Well for the first question…the large retail banks most of us are familiar with are on extremely sound footing.  So I wouldn’t worry about your deposits at Bank of America, Chase, etc.  Some smaller banks may be similarly exposed, however.  Now, before you go to pull all your money out of Peapack Gladstone bank, remember that the Federal Government insures up to $250,000 per account.  The regulator seized the bank on Friday, and insured deposits were made whole on Monday.  So, if you don’t have more than $250,000 per account, you are guaranteed.  Now, to avoid panic, the FDIC has apparently promised to make all SVB depositors whole.  However, that is not required by law and it might be dicey to rely on the idea that the government will always everywhere bail out depositors.  This is a bit of a wakeup call to be mindful of FDIC and SIPC insurance limits.  

What about brokerage accounts?  SIPC insurance provides coverage similar to the FDIC for cash balances at brokerage accounts.  Note that your stocks, bonds, mutual funds, etc. are yours.  While there is no protection provided for their daily rise and fall in value, they are not at risk of a bank run either.  Only the cash (uninvested) balances are at risk if a brokerage firm fails – and thus the need for government SIPC insurance. 

Now, are we heading for another financial crisis?  That is the $50,000,000,000 question.  I don’t see major bank failures on the horizon, but on the other hand, there is a lot to worry about as we look under the hood of the SVP crisis.  One of the reasons that the bank was short on deposits was that the tech startup firms that were its bread and butter customers were burning through cash.  With higher interest rates, the “free” venture capital money they had relied upon had all but dried up.  Many of these companies were never profitable – relying on Wall Street financing to pay their bills.  Without that financing, they had to spend cash reserves.  The implication is that the high-tech industry that has been an engine for the economy and stock market for years is sputtering, and firms will likely start to fail as the money dries up.   That really shouldn’t be a surprise.  If there was a bubble created with the cheap money and government largess of the last half decade, it was in these speculative tech firms.  Clearly that bubble is bursting.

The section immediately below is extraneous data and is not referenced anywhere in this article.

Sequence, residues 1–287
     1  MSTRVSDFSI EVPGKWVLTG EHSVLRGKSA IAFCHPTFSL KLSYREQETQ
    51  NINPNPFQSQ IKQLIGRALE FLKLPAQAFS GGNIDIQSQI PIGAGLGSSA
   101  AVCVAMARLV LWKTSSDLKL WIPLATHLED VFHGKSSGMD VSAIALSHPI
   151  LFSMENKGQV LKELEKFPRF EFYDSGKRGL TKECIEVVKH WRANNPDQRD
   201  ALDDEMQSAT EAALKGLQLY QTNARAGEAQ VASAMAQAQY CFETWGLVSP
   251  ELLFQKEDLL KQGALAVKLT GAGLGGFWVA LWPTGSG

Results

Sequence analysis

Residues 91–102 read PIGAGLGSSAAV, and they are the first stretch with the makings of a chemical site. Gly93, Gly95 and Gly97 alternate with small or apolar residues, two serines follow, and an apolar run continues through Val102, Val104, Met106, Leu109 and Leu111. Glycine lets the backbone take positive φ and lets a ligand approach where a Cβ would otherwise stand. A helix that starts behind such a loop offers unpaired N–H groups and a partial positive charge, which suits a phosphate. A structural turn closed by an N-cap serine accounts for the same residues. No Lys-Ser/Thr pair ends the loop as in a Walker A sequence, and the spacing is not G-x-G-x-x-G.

But is a sputtering tech sector enough to bring on a financial crisis?  I don’t think so – but since this potential (for large bank failures) was largely invisible until it happened – who knows what other impacts rising interest rates may have on the system?  On the plus side, the market has decided that, due to the sudden fear of systemic risk, the Fed will ease off the brakes and slow the interest rate hike process.  As a result, bond prices have soared for the last two days.  That is good news for fixed income investors – and also for bank balance sheets. 

As always, predicting the future is impossible.  The Fed is trying to create a recession (they call it “slow the economy”) to bring inflation under control – and this is simply the first sign that they are having some success.  On the other hand, for banks this is more an issue of liquidity (availability of funds) than of solvency – and liquidity can be juiced up with tools available to the Federal Reserve.  So, it is also possible this will prove to be much ado about nothing.  We just don’t know.  Investors should remain diversified and focused on long term goals.  Those needing access to funds in the next 1-5 years should have a healthy allocation to safer investments such as CD’s, T-bills, shorter term bonds.  In a bit of good news for diversified investors:  Stocks tumbled on Friday on news of the SVP failure, but unlike the 2022 situation, bond prices soared – offsetting much of the loss for a well-diversified or conservative investor.  Maybe good old fashioned asset allocation is back!